This morning’s YouGov poll has topline figures of CON 34%, LAB 40%, LDEM 10%, UKIP 7%. This is the second YouGov poll in a space of a week to show the Labour lead down to six points. After yesterday’s YouGov poll showed a Labour lead back to eleven points following the six point lead at the weekend I had rather dismissed the YouGov/Sunday Times poll as just an outlier. This poll suggests there may be more to it.

Of course all the YouGov polls over the last week or two have had the Conservatives within two points of 33% and the Labour party within two points of 42%. While two six point leads after months of nine to ten points leads is rather a big co-incidence, strictly speaking there isn’t actually anything that couldn’t be explained by normal sample variation. Let’s wait and see a bit longer before looking for explanations.

There is also a new Opinium poll out today which has figures of CON 31%(nc), LAB 42%(+2), LDEM 8%(-2), UKIP 9%(-1). There is certainly no sign of a narrowing Labour lead there.

167 Responses to “New YouGov and Opinium polls”

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  1. “I’ve just had a mate on the phone frothing at the mouth at having “that tea lef Laws” in his Department. Which made me think.”

    No wonder Gove has a struggle with his so called Civil Servants.

    UK Civil Service is the biggest sheet anchor in UK governmental policy,

  2. “…the biggest sheet…”

    One sheet does plenty

  3. “UK Civil Service is the biggest sheet anchor in UK governmental policy,”

    You forgot to add ICWO*

  4. @NickP
    Laws’ return to the govt was mooted all the way back in 2010 just after he resigned, and it is no surprise at all. Even though, as others have rightly noted, he perhaps should have spent time at HM pleasure for a while, and surely I would have done for claiming 40k I was not entitled to.

    What the reshuffle betrays, other than the weakness of DC’s position, is that he is giving up hope of attracting any moderate/undecided voters who did not vote Con last time round. I was amazed Hunt was promoted to Health (I had tipped him for defenestration – shows what I know). Perhaps it is reward for acting as a human flak jacket over Murdoch & Leveson, but it also shows that DC has given up on detoxifying Con re. the NHS. From a strategic point of view, placing someone whose integrity has been so publically questioned into a role which his predecessor royally mucked up strongly suggests you have stopped caring about that department. It was right to drop Lansley, but to replace him with Hunt is nonsensical. Hunt is simply adding to Lab’s NHS ammunition.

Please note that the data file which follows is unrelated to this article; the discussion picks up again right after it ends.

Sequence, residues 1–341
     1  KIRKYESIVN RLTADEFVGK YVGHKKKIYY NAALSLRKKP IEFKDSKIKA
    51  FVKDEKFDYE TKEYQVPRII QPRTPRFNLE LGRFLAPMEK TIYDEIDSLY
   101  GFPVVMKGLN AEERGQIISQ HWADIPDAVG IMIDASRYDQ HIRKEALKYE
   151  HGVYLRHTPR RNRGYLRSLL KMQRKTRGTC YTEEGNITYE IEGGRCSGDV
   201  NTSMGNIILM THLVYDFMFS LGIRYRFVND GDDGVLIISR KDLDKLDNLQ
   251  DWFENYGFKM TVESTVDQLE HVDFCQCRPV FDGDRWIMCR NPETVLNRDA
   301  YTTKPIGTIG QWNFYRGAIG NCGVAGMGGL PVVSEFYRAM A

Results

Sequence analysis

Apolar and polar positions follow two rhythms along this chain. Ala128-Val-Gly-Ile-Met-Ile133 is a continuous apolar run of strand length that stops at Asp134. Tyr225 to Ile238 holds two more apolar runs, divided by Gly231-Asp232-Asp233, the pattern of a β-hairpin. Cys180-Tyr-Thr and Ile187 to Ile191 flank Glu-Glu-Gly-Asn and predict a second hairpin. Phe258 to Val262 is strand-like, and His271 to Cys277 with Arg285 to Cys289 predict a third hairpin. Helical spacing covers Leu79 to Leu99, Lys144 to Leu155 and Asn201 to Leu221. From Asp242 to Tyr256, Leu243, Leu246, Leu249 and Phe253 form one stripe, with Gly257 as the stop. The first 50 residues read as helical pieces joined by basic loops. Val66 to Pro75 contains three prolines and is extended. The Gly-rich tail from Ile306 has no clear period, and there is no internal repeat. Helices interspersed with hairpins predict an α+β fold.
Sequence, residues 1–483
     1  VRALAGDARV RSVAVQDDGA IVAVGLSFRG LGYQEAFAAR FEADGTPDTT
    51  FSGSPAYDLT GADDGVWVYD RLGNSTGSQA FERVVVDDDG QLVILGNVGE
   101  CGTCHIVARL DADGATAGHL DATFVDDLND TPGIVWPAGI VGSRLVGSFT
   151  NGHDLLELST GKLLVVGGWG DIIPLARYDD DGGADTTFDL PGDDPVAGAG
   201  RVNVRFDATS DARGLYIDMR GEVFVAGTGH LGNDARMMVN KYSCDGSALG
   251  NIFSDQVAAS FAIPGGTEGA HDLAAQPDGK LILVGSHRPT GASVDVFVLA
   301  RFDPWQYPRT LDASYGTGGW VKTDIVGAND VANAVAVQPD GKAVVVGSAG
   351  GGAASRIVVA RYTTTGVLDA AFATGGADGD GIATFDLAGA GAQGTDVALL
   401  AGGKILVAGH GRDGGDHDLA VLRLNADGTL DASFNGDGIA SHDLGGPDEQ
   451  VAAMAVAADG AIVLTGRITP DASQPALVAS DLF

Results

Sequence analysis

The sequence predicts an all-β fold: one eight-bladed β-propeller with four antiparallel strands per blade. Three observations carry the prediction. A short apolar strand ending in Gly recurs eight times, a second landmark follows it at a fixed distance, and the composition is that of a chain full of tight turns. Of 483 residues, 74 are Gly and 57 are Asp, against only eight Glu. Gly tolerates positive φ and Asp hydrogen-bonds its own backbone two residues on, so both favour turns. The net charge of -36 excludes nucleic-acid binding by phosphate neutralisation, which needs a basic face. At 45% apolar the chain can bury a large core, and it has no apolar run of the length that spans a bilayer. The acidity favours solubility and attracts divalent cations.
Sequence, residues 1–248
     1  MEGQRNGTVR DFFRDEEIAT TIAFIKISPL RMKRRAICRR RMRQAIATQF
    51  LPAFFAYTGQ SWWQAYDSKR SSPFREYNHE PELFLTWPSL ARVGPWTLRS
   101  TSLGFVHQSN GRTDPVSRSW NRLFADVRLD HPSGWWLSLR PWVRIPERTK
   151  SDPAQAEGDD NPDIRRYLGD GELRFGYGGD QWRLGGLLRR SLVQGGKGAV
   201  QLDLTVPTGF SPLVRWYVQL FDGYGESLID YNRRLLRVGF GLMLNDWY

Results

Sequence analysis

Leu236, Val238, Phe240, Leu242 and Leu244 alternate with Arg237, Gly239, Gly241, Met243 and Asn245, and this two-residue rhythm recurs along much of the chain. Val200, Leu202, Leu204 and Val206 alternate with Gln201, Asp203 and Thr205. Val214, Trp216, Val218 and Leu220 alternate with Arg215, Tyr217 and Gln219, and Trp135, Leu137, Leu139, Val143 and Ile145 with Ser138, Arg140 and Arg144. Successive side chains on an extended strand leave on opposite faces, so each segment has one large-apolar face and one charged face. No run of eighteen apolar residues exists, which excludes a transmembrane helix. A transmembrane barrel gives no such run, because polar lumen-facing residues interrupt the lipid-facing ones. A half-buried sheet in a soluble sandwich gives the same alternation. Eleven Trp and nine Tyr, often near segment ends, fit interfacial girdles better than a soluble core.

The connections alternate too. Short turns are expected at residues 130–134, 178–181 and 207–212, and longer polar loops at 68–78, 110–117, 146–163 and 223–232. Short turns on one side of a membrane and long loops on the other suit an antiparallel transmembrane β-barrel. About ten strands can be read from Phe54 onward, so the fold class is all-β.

I am most bothered by the (as ever) near invisibility of women and the total invisibility of BEM. Anyway.

    The reshuffle will do nothing for Con VI. What other tricks does DC have to rally the voters? It cannot all rest on us building more conservatories.

  5. *In Colin’s Wrong Opinion

  6. tark

    but the difference between the reshuffle and the omnishambles budget is that the right and therefore much of the press and other commentators quite like it.

    But I tend to agree about giving up on attracting the centre and left. “Back to the bunker”?

  7. I see last night’s was one of those rare polls that show Respect at 1%.

  8. @TingedFringe

    The best possible government is right at the end of the Government Approval tracker, page 19.

  9. @NickP

    “Personally I was disgusted that Hunt wasn’t sacked and that Laws is back in cabinet.”

    They’re all at it. Mandelson and Blunkett spring to mind.

  10. “I’m not too posh to take my turn to make coffee for my colleagues” would have been a good riposte in my opinion.

    It was an inane comment.

  11. Statgeek – remind me what did andelson actually.
    As I recall he borrowed money off a friend to bring a mortgage within reach and did not declare it to the Building Society.
    Not the same as fiddling £40k on expenses is it.

    For the second resignation he always denied the charge but ‘stepped down to avoid further embarrasment’ for the Government and was sunsequently completely cleared.

    He is undoubtedly slippery and is not my favourite Labour politcian by a long way but as far as i am aware he never fiddled a penny.

  12. With respect Nick-you are the last person I would accept assurances from about Civil Service political impartiality :-)

    I also question work ethic in the modern civil service, and believe they have lost sight of two important stakeholders in their employment-the taxpayer, and the customers & clients.

    Just an opinion of course-perhaps I spend too much time reading leftwing & anti-government opinions posted on blogs & websites during the so-called working day.

  13. “with respect”?


  14. And pah again.

    “The last person” is equally risible – for fairly obvious reasons of logic.

  15. Anyway “err…. with respect” shows much less respect if that’s what one wishes to convey as it adds the implication that t.he person you don’t really respect is also an utter idiot

  16. I tried to be as respectful as possible your entitlement to your views as a private individual.

    But suit yourself Nick .

    If “without respect “-or anything else- is your preference, you decide.